History

smafar

A History of Saint Mark’s Episcopal Cathedral

Saint Mark’s was founded in 1889 to meet the needs of a growing Seattle population. The first church was built in 1890 at 5th Avenue and Stewart Street, in downtown Seattle. By 1896, the parish had outgrown this small church and in 1897 moved into a larger building at Seneca and Broadway on First Hill.

After World War One, growing diocese support led to a “Victory Cathedral”, and land was purchased in 1923 on Tenth Avenue East. In 1926, Saint Mark’s was designated to be the Cathedral of this Diocese, and Rector John McLauchlan became the first Dean. A magnificent building was envisioned, plans were drawn up, pledges made, and in 1928 construction began.

The Stock Market Crash of 1929 and the depression that followed resulted in a considerable decrease in funds. The building that we sit in today (called by some a“Holy Box”) represents what could be done with the money that was available. Saint Mark’s Cathedral was dedicated on Saturday, April 25, 1931 in a service that took place in Thomsen Chapel, the only space finished in the style meant for the whole Cathedral building.

The Parish could not maintain its mortgage payments, and in 1941 the St. Louis bank foreclosed. The “For Sale” sign on the front lawn made national news. Remaining Parish members worshipped in St. Barnabas Church nearby on Federal Avenue E (now a private residence).

But the Church didn’t stay unoccupied for long. In 1943, the U.S. Army leased the building to use as an anti-aircraft gun training center; a series of murals still decorate the crypt walls, which was used as the soldiers’ canteen.

In 1944, Bishop Huston went to St. Louis to negotiate with the bank, and Saint Mark’s opened for worship later that year. Between 1944 and 1947, increased fundraising boosted support, the St. Louis bank forgave the last $5,000 of the debt. On Palm Sunday in 1947, the mortgage was burned in front of the Altar.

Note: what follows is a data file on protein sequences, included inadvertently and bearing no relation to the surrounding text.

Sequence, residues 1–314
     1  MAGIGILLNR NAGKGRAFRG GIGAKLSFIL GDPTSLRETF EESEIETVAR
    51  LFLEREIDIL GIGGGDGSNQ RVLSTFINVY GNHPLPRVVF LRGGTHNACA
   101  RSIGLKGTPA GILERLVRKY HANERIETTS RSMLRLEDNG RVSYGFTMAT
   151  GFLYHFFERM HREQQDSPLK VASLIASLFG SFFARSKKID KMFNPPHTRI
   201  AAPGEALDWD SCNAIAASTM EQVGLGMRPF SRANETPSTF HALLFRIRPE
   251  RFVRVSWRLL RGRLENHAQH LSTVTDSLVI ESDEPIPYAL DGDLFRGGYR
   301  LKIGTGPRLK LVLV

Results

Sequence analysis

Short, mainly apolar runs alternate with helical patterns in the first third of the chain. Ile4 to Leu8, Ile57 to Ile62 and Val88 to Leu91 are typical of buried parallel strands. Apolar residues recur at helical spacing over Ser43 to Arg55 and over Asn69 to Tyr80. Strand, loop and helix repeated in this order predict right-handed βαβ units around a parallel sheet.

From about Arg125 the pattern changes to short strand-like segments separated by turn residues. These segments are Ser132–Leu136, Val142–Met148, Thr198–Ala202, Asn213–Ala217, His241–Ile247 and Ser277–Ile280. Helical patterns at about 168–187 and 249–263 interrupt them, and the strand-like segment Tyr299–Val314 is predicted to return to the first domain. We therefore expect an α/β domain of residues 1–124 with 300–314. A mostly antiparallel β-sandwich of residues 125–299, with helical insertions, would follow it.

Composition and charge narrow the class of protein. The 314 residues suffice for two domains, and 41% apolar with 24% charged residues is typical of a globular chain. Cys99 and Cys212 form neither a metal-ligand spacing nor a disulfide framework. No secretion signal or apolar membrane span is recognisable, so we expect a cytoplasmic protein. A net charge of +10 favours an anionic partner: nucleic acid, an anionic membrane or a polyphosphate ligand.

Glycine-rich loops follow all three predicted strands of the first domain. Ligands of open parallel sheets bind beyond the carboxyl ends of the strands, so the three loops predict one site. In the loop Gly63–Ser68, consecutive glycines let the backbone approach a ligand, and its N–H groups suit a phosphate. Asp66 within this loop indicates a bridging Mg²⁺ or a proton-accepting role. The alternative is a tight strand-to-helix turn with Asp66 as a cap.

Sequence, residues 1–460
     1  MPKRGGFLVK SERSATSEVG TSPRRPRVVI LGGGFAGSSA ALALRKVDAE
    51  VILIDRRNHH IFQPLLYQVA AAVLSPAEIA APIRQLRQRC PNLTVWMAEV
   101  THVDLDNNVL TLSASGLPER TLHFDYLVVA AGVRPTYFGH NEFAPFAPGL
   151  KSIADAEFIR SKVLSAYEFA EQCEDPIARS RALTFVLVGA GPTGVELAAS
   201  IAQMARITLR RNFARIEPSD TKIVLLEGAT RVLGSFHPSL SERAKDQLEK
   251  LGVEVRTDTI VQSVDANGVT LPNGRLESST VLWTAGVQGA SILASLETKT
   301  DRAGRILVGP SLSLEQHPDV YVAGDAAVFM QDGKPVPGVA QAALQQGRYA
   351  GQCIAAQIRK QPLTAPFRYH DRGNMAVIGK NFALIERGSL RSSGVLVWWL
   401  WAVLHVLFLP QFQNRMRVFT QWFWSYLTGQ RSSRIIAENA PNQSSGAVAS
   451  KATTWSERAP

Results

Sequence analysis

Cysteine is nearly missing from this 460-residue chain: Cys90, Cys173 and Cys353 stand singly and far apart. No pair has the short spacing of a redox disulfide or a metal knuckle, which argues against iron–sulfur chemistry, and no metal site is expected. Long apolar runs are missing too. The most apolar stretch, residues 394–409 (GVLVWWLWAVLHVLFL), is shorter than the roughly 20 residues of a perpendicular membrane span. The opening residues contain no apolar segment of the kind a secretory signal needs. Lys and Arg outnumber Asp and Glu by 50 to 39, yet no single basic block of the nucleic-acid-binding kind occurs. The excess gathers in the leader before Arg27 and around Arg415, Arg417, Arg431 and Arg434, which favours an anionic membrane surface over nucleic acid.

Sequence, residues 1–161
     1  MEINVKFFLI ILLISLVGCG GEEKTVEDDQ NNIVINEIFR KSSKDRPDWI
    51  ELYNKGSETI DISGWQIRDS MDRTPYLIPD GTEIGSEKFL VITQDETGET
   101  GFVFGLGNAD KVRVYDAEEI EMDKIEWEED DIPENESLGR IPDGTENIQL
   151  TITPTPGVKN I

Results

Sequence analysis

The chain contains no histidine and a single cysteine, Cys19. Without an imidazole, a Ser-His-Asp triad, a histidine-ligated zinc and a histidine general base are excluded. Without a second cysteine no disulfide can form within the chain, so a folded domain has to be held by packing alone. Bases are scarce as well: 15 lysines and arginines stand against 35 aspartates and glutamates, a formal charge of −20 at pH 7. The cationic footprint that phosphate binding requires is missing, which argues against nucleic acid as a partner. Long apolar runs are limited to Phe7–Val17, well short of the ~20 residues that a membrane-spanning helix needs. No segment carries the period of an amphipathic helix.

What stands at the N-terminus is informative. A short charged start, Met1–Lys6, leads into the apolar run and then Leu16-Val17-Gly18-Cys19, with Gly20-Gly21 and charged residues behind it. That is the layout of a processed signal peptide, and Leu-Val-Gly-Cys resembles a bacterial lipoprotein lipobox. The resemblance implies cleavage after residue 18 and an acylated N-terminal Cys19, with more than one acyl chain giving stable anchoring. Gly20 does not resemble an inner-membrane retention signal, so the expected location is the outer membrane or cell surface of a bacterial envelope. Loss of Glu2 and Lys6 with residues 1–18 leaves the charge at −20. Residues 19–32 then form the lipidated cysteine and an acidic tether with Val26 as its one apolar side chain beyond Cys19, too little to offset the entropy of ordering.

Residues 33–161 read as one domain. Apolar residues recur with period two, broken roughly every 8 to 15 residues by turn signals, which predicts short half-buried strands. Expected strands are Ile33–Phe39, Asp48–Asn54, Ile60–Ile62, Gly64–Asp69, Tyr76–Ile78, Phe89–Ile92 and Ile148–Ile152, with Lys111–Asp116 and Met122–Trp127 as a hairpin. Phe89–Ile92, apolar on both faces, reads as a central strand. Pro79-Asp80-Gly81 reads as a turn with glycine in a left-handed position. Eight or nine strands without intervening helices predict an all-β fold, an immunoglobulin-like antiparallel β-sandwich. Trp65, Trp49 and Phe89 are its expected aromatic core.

In 1958, Cathedral House was constructed at the west end of the building, an addition containing Bloedel Hall, the kitchen, Library, Parish Office, classrooms and other meeting rooms.

In 1961, organist and choirmaster Peter Hallock went organ shopping, as the old weather-beaten 1897 organ was being held together by faith and baling wire. Peter selected Holland’s Flentrop Company to build Saint Mark’s next organ. D. A Flentrop visited Seattle and proposed the largest instrument he had yet designed. In the summer of 1964 demolition of the East Wall began and the Narthex/Loft constructed to make room for the organ. The organ was dedicated in September 1965 with E. Power Biggs playing the inaugural recital.

In 1969, the Chapel of the Resurrection and Columbarium was built under the Nave connecting with Cathedral House.

In 1997, the West Wall was remodeled and new sacristies and vesting rooms were built. A dark and constricted altar area (sanctuary) became the light and open space we now enjoy. The design by Olson Sundberg Architects is enhanced by northwest artist Ed Carpenter’s glass and steel screen. This forms the backdrop (reredos) for the Altar Table, the focus of our worship. In the center of the screen under the rose window are two great doors, which can be opened or closed for different occasions or seasons of the church year. Behind the screen is McCaw Chapel, an intimate space for private prayer, where the Blessed Sacrament is reserved.

In 2003, Saint Mark’s acquired the St. Nicholas School Building next door for future expansion of the office, classroom, meeting and worship spaces. That year also saw the gift of a fine new organ for Thomsen Chapel built by Paul Fritts of Tacoma, WA.

Rectors of St. Mark’s Parish

1889 Charles L. Fritchett
1890-1897 David Caliborne Garrett
1897-1910 J.P. Derwent Llwyd
1910-1919 E.V. Shayler
1920-1926 John Donald McLauchlan

Deans of St. Mark’s Cathedral

1926-1944 John Donald McLauchlan
1945-1951 Richard Simpson Watson
1951-1971 John Compton Leffler
1972-1986 C. Cabell Tennis
1988-1998 Fred Bowen Northup
1999-2008 Robert Vincent Taylor
2012- Steven Lynn Thomason